Effect of decreasing protein levels in diets fed to weanling pigs on growth performance, fecal score, and carcass characteristics.

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Diarrhea is one of the main problems for pigs during the post-weaning period. Traditionally, antibiotic growth promoters have been used to control post-weaning diarrhea, but consumers are increasingly concerned about this practice and there is therefore an interest in feeding diets that contain no antibiotics. However, feeding pigs without antibiotic growth promoters requires alternative strategies to control post-weaning diarrhea, but feeding low protein diets may be one way to reduce the incidence of post-weaning diarrhea. However, there is a lack of knowledge about consequences of reducing the protein level in diets fed to weanling pigs.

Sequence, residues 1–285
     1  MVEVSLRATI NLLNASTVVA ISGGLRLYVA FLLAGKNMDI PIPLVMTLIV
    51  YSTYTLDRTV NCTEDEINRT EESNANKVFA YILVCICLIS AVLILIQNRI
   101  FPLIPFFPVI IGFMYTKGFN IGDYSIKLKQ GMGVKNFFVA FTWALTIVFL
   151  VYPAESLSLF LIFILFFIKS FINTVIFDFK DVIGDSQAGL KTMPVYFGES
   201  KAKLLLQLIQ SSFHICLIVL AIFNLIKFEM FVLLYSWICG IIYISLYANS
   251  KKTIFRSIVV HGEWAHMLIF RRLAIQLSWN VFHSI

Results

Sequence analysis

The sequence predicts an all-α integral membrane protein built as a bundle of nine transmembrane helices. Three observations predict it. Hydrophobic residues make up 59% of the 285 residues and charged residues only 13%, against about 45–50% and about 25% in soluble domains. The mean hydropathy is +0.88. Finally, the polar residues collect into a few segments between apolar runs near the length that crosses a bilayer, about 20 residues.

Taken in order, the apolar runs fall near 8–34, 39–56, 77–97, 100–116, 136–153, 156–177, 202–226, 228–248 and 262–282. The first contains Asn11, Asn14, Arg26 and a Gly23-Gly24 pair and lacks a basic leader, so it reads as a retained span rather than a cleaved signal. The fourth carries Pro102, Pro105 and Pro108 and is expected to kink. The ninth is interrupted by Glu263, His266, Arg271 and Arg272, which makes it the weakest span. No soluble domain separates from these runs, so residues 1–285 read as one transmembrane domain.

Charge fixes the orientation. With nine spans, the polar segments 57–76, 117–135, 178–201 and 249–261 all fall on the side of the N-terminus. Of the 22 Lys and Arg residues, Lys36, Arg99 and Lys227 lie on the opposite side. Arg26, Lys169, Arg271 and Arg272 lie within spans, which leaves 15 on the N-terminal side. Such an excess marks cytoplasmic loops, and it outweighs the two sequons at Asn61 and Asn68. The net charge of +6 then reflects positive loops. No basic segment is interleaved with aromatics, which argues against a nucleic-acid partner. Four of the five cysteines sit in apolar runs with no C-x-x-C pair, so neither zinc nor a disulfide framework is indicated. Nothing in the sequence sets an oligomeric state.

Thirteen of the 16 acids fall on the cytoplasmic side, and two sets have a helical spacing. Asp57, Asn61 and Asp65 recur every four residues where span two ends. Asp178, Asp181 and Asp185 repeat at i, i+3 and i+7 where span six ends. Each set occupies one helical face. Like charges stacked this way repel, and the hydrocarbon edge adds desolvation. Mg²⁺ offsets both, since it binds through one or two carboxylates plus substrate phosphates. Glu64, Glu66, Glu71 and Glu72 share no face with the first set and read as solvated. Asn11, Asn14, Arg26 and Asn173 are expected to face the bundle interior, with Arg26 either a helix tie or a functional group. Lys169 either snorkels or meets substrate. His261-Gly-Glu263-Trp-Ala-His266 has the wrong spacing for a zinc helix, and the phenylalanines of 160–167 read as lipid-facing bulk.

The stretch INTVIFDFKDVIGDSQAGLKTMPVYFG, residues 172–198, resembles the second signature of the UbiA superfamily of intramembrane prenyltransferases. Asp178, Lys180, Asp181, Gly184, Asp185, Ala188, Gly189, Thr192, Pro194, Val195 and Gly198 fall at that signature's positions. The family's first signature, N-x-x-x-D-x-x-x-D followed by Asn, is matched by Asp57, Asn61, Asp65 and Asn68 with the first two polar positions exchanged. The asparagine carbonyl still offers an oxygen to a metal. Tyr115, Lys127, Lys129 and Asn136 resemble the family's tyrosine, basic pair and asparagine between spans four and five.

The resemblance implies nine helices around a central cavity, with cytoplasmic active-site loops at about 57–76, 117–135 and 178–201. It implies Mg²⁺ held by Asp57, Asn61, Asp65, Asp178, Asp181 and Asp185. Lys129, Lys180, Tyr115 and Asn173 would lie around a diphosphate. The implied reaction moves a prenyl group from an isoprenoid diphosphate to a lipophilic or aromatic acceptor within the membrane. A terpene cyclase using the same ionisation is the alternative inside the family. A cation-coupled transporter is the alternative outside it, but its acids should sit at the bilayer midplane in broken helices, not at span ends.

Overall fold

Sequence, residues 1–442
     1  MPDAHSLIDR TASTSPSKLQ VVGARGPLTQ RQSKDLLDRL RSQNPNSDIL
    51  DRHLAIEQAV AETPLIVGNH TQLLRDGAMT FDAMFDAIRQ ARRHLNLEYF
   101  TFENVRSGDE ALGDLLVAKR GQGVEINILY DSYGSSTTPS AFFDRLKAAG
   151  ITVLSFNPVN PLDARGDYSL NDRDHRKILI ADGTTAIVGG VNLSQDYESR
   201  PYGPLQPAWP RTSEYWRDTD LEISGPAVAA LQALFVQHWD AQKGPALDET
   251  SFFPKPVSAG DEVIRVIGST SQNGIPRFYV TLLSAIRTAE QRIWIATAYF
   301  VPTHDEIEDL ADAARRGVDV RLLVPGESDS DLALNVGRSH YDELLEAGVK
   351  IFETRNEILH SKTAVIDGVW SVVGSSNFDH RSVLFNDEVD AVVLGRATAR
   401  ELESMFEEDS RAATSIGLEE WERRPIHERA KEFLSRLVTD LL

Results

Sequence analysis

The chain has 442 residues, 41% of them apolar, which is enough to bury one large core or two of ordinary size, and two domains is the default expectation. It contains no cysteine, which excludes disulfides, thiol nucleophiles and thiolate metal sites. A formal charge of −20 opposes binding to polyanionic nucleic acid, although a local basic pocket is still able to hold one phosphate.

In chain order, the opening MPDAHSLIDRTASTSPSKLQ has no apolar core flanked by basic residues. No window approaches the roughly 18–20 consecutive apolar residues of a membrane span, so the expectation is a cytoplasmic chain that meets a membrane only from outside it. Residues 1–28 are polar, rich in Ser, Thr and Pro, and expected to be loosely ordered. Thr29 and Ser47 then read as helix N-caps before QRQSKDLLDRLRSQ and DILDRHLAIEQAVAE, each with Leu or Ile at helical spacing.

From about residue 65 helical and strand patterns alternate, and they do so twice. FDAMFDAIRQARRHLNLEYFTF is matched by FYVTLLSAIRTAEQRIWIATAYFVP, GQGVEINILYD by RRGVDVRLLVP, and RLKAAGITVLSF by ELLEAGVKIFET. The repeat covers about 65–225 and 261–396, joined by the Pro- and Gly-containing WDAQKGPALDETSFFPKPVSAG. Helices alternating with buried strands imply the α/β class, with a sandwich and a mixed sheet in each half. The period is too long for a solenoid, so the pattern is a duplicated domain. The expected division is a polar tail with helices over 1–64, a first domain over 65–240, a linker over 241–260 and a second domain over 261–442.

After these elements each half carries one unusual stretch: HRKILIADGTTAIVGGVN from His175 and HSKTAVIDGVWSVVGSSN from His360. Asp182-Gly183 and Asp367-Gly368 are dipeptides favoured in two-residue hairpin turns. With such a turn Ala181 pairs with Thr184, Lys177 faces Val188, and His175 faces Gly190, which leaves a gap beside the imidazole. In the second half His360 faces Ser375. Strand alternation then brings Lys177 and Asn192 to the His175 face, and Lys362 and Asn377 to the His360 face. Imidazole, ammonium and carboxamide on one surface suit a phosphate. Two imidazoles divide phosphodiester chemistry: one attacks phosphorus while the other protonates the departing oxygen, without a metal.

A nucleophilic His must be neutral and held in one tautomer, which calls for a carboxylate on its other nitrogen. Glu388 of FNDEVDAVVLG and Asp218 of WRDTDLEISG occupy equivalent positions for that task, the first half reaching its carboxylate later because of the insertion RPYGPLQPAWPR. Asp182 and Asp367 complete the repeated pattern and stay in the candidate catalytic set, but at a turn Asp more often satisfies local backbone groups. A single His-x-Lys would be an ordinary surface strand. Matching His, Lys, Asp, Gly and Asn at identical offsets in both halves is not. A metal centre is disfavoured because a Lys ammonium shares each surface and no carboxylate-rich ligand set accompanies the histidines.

Feeding low protein diets to pigs results in increased net energy in the diet, reduced water intake by pigs, and reduced nitrogen excretion. This will result in reduced volume of manure and also reduced concentrations of ammonium in manure. However, if formulation of low protein diets results in feeding diets with concentrations of indispensable AA that are below the requirements, deposition of protein in pigs may be greater and deposition of fat may be increased compared with pigs fed a diet containing higher level of protein. However, it is not known if feeding a diet low in protein to weanling pigs also results in changes in carcass characteristics of market pigs.

Therefore, the objective of this experiment was to test the hypothesis that feeding a low-protein diet to pigs during the post-weaning period will result in reduced diarrhea during this period, but no effects on growth performance from wean to finish and no changes in carcass composition of pigs when they reach market weight.

 

Experimental design